A spiral of negativity
 
Although some studies show that the online disinhibition effect is linked to sadism others have shown that anyone can be a jerk online. For example, a study for Stanford and Cornell Universities found that trolling may be influenced by situational factors at least as much as the innate traits of people. This study found that the person’s mood and the tone of comments already on posts can lead to a spiral of negativity that causes trolling.
 
They tested this by giving a sample of 667 people an easy or difficult test. Participants were then asked to read the same article and comment underneath. However, underneath the article, people saw either neutral comments or troll-like comments. The study found that 68% of those given the harder test alongside the article with comments by trolls wrote troll-like comments themselves. Even for the easy test plus inoffensive comments group, this figure still stood at 35%.
 
So do some people become jerks online because of the internet or because they are jerks in real life? Well, the online disinhibition effect explains that psychological factors, personality traits, and the functionality of the internet are all to blame for this type of behavior.
 
 

Lottie Miles

 






 
About the Author: Lottie Miles


 
Lottie Miles is a professional researcher and writer with a passion for human rights. She has 4 years of experience working within the NGO sector and has a Masters Degree in Social Policy. She has a keen interest in exploring ways in which happiness habits can help to improve mental health and wellbeing. In her spare time, she likes doing crossword puzzles, painting and traveling.
 
Copyright © 2012-2019 Learning Mind. All rights reserved. For permission to reprint, contact us.
 



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No religious or political creed is advocated here.

Organised religion is unnecessary to spirituality.

Excellent teachings of the masters have been contaminated by the dogmatic control of these religions.

Discernment yes; judgement does not.
If you use discernment you are free to research with an open mind. 

With discernment it is possible to reach the spirit of the letter of any writing and it is also much easier to listen to the voice of the soul that comes from the heart.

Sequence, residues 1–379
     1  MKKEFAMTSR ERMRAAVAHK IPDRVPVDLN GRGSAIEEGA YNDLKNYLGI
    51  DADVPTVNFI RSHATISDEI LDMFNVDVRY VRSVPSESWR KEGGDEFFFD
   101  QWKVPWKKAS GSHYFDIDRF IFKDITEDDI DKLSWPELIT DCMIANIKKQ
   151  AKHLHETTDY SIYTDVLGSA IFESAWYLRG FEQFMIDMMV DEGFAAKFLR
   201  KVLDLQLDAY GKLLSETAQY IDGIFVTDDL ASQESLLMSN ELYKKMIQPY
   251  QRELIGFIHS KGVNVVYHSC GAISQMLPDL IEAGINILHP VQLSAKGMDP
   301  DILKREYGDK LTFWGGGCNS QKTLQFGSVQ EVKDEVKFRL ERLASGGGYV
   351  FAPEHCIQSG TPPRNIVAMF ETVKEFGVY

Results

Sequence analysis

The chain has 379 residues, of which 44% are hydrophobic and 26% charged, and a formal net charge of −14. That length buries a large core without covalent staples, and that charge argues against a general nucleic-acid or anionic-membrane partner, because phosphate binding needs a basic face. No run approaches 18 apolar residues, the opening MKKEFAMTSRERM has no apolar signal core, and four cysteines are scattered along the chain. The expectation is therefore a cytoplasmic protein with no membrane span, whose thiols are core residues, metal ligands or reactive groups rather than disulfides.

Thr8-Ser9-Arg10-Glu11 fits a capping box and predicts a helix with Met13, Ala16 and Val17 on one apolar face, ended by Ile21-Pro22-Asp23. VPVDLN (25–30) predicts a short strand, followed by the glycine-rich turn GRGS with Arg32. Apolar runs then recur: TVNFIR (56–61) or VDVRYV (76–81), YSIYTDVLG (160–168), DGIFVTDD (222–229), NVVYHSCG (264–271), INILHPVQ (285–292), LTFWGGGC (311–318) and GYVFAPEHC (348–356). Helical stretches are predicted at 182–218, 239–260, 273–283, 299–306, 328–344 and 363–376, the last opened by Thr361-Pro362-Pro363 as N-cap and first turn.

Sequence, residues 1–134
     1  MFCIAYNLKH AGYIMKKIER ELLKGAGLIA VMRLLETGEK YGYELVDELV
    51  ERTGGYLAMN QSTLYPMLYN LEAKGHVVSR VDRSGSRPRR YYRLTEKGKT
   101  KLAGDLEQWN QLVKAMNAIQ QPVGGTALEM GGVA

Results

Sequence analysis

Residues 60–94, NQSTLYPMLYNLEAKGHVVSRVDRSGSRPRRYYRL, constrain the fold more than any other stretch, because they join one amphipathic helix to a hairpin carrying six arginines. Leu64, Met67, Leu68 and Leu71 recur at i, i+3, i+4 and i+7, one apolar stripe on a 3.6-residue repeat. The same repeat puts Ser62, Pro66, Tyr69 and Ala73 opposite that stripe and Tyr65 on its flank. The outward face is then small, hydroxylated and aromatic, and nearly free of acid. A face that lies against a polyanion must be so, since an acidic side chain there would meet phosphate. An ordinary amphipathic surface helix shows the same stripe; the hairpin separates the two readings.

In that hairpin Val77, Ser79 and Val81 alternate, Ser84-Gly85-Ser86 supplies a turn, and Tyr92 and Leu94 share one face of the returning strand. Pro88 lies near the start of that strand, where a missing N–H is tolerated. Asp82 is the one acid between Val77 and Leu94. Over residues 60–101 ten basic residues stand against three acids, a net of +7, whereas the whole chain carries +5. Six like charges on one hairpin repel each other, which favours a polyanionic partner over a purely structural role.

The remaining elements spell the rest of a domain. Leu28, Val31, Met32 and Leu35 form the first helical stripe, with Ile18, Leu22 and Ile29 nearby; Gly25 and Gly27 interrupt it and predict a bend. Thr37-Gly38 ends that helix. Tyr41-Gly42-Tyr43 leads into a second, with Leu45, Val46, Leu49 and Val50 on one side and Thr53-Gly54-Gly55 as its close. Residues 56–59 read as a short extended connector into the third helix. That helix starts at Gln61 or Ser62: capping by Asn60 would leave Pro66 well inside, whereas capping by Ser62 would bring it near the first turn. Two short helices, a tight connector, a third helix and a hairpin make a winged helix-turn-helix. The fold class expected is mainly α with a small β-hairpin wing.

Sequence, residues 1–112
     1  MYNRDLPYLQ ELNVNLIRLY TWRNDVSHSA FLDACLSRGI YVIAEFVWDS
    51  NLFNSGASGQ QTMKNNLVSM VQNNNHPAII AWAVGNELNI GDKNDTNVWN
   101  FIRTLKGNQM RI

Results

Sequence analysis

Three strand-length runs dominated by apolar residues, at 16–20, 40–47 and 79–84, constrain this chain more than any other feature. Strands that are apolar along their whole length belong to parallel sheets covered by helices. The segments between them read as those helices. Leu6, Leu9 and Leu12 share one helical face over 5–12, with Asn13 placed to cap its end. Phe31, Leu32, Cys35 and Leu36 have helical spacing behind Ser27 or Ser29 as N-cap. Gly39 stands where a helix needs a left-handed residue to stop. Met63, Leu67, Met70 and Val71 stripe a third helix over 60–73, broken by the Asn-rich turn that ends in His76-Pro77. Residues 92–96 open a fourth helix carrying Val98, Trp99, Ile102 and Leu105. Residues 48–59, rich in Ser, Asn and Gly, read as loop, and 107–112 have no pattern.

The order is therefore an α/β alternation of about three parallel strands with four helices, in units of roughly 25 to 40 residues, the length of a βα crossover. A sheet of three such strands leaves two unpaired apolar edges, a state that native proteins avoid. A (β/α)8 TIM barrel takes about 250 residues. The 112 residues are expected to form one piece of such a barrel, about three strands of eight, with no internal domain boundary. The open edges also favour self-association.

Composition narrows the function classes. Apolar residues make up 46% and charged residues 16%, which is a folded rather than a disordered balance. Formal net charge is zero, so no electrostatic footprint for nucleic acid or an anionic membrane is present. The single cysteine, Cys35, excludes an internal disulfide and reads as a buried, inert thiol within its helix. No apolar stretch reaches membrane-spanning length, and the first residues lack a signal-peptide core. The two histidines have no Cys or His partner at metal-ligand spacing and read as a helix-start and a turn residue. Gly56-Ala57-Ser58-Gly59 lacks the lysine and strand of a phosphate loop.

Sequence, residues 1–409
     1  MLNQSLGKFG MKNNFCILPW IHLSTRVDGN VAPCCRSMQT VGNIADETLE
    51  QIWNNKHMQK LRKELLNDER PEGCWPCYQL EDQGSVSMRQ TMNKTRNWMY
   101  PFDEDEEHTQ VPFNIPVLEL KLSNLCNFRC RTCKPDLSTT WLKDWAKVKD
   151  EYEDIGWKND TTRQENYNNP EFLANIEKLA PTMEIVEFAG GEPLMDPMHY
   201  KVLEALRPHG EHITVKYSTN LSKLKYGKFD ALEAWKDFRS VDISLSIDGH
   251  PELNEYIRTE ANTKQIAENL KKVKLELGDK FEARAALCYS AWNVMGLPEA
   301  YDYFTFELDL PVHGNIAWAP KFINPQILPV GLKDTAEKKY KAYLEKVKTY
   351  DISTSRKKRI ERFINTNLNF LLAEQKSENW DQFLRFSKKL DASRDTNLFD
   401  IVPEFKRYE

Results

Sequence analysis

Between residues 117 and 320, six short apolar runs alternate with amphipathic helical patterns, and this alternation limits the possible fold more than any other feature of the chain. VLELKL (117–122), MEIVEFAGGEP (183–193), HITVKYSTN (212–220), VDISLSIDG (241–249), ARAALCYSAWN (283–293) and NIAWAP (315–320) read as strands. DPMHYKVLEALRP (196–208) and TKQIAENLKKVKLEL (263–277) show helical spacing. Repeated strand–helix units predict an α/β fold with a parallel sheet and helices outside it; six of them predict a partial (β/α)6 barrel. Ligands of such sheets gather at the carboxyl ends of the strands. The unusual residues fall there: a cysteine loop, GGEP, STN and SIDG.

Individually you can be helped to find your Truth that is different of everyone. 


Please respect all credits.

 
Discernment is recommended.
 

All articles are of the respective authors and/or publishers responsibility. 


 

 

Like this! please bookmark. It is updated daily

 


 
 
 
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publicado por achama às 03:00
Sexta-feira, 31 / 01 / 20

The Friendship Paradox Reveals the Weird Reason You Are Less Popular Than Your Friends

Lottie Miles.

learning-mind.com

Posted January 30th, 2020.

 
friendship paradox.

 
 
 
Have you ever noticed that the people you hang out with always seem to be more popular than you? Whether it’s down at the gym, on social media, or even at work, it is common for people to notice that their friends seem fitter, more popular, and more successful. According to researchers in the field of social networks, this is due to something known as the friendship paradox. But what is this paradox and why does it make it seem like we are less popular than our friends?
 
In this post, we’ll explore the reasons the friendship paradox exists, the different ways it manifests itself, and why you don’t need to worry about this strange phenomenon.
 
What is the friendship paradox?
 
According to the sociologist of social networks Scott Feld, the reason our friends are likely to be more popular than we are is simply down to maths and sampling. He found that, if you were to ask someone who their friends were and then met the friends of that person and asked them the same question, then, on average, you would find that the friends are better connected than that first person.
 
This is perhaps most apparent on social networks online where our behavior affects our self-image greatly, with one study finding 98% of Twitter followers following people were being followed by more people than them.
 
The friendship paradox also has wide-ranging effectsbeyond the internet and friendship circles and can potentially be used to explain why people you see in the gym are always much fitter than you, or noticing that your sexual partners are typically more experienced than you are. Indeed, a new study has found that this paradox may hold for additional characteristics, such as income, happiness, and sexual partners.